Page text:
Suffering from Eczema at Night? Here's Why and What You Can Do About It
Eczema, also known as atopic dermatitis, is a skin condition that results in dry, itchy, and inflamed skin. It is caused by a combination of genetic and environmental factors and can develop at any age. Eczema is most commonly found in children, but it can also affect adults.
The symptoms of eczema can vary from person to person, but they often include red or brownish-gray patches of skin, small raised bumps, and thick, cracked, or scaly skin. It can occur on any part of the body, but it is most commonly found on the hands, feet, wrists, ankles, neck, and face.
What Causes Eczema to Worsen at Night?
There are several reasons why eczema can seem to worsen at night. Firstly, our body temperature naturally drops when we sleep, which can cause our skin to become dry and itchy. This is especially true if we sleep in a room with low humidity or use bedding made from materials that can irritate the skin, such as wool or synthetic fabrics.
Additionally, we tend to scratch more at night, which can further irritate the skin and lead to a vicious cycle of itching and scratching. This can also lead to the development of skin infections, which can make eczema symptoms worse.
Finally, stress and anxiety can also contribute to eczema flare-ups, and many people experience increased stress and anxiety at night. This can be due to a variety of factors, such as worrying about work or personal issues, or simply feeling anxious about the next day.
The Importance of Sleep in Managing Eczema
Getting enough sleep is crucial for managing eczema. Lack of sleep can lead to increased stress and anxiety, which can trigger eczema flare-ups. Additionally, sleep is essential for our body's natural healing processes and can help to reduce inflammation and promote healthy skin.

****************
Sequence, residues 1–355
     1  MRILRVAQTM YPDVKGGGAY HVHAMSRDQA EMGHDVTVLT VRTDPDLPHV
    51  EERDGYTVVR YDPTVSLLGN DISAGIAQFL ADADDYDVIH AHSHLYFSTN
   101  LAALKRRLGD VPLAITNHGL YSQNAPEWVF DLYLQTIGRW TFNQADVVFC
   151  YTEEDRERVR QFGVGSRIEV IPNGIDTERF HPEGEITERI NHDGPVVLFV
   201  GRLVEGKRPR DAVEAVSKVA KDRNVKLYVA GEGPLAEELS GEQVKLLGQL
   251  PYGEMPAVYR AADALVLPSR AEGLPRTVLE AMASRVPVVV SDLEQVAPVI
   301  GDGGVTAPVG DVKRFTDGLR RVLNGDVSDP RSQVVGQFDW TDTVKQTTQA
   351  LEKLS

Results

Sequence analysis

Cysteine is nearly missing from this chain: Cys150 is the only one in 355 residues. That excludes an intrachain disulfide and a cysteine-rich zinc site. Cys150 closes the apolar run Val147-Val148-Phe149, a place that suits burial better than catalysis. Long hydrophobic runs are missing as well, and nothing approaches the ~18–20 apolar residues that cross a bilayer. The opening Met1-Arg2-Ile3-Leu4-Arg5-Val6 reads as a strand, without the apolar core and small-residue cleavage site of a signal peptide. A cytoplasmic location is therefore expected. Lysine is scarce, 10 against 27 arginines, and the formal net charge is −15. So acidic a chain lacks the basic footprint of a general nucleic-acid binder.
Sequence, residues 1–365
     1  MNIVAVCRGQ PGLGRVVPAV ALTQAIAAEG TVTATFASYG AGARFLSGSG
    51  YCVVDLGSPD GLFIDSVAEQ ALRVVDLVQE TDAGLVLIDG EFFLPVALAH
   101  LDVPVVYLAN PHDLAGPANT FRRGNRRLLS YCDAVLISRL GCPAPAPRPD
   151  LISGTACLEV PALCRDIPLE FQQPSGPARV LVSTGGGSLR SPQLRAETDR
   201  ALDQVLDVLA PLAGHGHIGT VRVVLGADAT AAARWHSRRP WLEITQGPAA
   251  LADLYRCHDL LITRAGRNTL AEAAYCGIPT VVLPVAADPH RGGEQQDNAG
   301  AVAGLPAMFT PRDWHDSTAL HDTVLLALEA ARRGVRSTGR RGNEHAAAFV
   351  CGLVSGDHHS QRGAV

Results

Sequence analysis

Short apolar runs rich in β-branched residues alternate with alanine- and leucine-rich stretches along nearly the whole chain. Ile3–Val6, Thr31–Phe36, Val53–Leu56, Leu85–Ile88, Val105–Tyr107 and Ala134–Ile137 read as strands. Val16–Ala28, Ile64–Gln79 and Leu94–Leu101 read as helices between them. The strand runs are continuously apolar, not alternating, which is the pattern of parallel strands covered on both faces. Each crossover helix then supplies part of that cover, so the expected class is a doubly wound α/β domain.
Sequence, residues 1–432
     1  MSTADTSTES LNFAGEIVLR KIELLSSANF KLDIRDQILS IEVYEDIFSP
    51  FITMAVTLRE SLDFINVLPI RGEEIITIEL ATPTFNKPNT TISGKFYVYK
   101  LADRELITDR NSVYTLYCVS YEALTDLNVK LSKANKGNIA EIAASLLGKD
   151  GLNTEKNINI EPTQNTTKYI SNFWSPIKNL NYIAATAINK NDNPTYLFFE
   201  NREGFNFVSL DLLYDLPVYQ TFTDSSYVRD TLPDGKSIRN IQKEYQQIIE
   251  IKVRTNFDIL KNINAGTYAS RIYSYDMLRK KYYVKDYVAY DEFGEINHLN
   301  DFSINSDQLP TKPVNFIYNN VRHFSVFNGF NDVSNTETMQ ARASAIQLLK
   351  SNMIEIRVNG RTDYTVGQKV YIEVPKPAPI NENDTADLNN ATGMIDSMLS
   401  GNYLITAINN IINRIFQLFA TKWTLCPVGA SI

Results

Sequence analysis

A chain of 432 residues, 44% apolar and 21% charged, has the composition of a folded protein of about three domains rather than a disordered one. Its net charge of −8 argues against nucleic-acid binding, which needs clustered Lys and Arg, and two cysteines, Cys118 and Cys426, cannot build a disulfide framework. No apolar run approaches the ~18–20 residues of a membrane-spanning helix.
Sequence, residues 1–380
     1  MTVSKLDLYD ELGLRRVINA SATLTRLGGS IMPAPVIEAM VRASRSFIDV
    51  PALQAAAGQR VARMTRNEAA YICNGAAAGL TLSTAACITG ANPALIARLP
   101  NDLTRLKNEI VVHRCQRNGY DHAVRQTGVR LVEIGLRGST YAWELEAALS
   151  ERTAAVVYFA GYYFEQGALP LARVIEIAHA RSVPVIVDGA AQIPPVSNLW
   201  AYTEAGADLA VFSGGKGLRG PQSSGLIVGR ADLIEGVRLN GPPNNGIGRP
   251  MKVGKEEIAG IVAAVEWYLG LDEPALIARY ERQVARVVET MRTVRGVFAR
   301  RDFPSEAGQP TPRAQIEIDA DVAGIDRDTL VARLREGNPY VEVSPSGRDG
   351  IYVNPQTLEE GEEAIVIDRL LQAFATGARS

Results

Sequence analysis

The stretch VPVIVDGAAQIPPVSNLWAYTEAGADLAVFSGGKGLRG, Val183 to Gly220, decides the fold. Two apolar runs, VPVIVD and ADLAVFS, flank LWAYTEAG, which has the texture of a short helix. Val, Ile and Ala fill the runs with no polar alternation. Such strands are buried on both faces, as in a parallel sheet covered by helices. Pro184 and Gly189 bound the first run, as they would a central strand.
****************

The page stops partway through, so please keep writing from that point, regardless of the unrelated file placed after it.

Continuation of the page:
To ensure a good night's sleep, it's important to create a sleep-conducive environment. This includes keeping the bedroom cool and dark, using comfortable bedding made from natural materials, and avoiding stimulating activities before bed, such as using electronic devices or engaging in vigorous exercise.
Tips for Managing Eczema at Night
There are several things you can do to manage eczema at night and reduce itching and discomfort. These include:
Moisturize: Apply a thick, fragrance-free moisturizer to your skin before bed to keep it hydrated and prevent dryness and itching.
Use cool compresses: Apply a cool, damp cloth to the affected areas of your skin to reduce inflammation and itching.
Wear cotton clothing: Wear loose-fitting, breathable clothing made from cotton or other natural materials to avoid irritating the skin.
Take an oatmeal bath: Add colloidal oatmeal to a warm bath and soak for 15-20 minutes to soothe the skin and reduce itching.
Avoid triggers: Identify and avoid triggers that can worsen eczema symptoms, such as certain foods, detergents, or environmental factors.
Recommended Skincare Routine for Eczema
A good skincare routine is essential for managing eczema. This includes: